Historic ships to sail through North Atlantic waters
The Amerigo Vespucci sails past Fort Monroe at the entrance to Hampton Roads during OpSail 2000 in Norfolk, Virginia. | AP
QUEBEC, CANADA – As the story goes, the training ship Amerigo Vespucci was sailing in the Mediterranean in 1962 when the U.S. aircraft carrier Independence spotted it and radioed: “Who are you?” Came the reply: “School ship Amerigo Vespucci, the Italian Navy.” The Independence answered: “You are the most beautiful ship in the world.”
Tall ships sometimes come with tall tales, and whether that one is true may be lost to history. What’s not in dispute is that the venerable three-masted frigate is a handsome piece of work and just one of dozens of majestic ships that will be sailing North Atlantic waters this summer, visiting ports along the Saint Lawrence River for weeks and gathering en masse in Quebec City July 18-23.
It’s a beauty pageant from the age of sail, a spectacle that brings to mind the parade of “cathedrals of the sea” in New York harbor for America’s bicentennial in 1976.
Early planning may pay off because hotel rooms are likely to be hard to come by close to the event.
The gathering will bring a wallop of European seafaring history to a city already steeped in it. Stone-walled Old Quebec, with its cobbled streets, commanding cliffs and fortifications from the British-French struggle over New France, is the only place the entire fleet of more than 40 ships will rendezvous. The event is a highlight of Canada’s 150th birthday, which is also being celebrated with free entry to all national parks for the year and festivals of every flavor.
Even in normal times, Quebec City vibrantly lives up to its claim, “So Europe, so close,” and it knows how to party.
During the tall ship festivities, the waterfront will be alive with music, street performers and visitors clambering aboard the ships for free tours. Also free: arena performances by the Spanish troupe Xarxa Teatre, a parade of more than 3,000 sailors and even more fireworks than Quebec City usually puts on during the summer.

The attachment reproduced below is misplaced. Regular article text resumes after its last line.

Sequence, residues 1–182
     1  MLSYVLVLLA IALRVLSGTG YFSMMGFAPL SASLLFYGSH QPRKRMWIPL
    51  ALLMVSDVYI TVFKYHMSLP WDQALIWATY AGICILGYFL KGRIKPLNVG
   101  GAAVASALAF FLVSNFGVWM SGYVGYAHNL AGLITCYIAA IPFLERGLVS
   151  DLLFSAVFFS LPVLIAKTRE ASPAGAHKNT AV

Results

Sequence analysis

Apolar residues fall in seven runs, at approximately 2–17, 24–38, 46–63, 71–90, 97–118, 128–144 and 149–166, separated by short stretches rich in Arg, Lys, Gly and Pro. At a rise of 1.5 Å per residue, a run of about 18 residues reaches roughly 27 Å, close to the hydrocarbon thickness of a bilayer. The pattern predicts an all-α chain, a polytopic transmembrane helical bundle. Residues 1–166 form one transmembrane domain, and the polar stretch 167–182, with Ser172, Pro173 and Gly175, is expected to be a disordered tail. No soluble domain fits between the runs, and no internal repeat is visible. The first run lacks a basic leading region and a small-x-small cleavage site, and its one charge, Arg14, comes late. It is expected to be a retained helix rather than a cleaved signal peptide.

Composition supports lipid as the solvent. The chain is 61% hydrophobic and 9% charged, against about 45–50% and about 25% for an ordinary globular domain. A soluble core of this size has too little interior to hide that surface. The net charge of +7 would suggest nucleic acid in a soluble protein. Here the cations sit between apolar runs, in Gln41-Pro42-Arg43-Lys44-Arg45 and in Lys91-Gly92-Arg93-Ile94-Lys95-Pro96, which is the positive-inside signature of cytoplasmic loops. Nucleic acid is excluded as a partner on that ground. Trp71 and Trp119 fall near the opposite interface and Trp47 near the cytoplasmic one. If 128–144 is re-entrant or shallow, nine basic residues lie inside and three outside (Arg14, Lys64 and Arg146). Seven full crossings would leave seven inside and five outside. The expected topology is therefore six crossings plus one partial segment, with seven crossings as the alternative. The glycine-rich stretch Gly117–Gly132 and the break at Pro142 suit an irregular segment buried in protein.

The bulk of the fleet will be engaged in a five-month-long trans-Atlantic race from Britain to North America to France. Joining them in Quebec City will be more tall ships, based in Boston and the Great Lakes.
Among superstars of Rendez-vous 2017: the U.S. Coast Guard’s Eagle, a cutter built by Nazi Germany and seized by the U.S. as a war prize. It’s the sixth Coast Guard ship to be named Eagle in a line dating to 1792. Germany’s graceful Alexander von Humboldt II, distinguished by 24 green sails, is also on tap. So are El Galeon, replica of the Spanish galleons that for three centuries linked Asia, the Americas and Spain; the reconstructed War of 1812 warship Niagara; the 1928-built Picton Castle barque; and the Peruvian Navy’s four-masted BAP Union.
Both the Eagle and Amerigo Vespucci, built in 1931, were among the 16 or so tall ships that sailed into New York harbor with a vast array of spectator vessels on July 4, 1976. Both returned for the Statue of Liberty centennial in 1986 and the millennium celebrations of 2000.
From Gaspesie inland, the Saint Lawrence provides plenty of opportunities to see scattered contingents of the fleet under sail and at anchor. July 7 and July 9 are the dates to see the fleet under sail from the cliffs of Land’s End in Forillon National Park. The communities of Rimouski, Gaspe, Sept-Iles and Tadoussac, as well as Iles de la Madeleine, are among the prime locations that have activities planned while some of the ships are in port.
Those on the wide river’s south shore are almost guaranteed a backdrop of spectacular sunsets in clear weather.
As well, the racing ships among them are stopping for several days at a time at ports marking each leg of the competition, which begins April 13-16 in the London borough of Royal Greenwich, Britain, and ends Aug. 31-Sept. 3 in Le Havre, France.
Their schedule: April 29-May 1, Sines, Portugal; June 1-5, Bermuda; June 17-22, Boston; and more than 30 Canadian ports, June 30-Aug. 20.
As for the main rendezvous point, Paule Bergeron, speaking for Quebec City Tourism, says the city’s hotels could well be full for the event. With flexible hotel cancellation policies the norms, she said, “you can hardly go wrong by booking early.”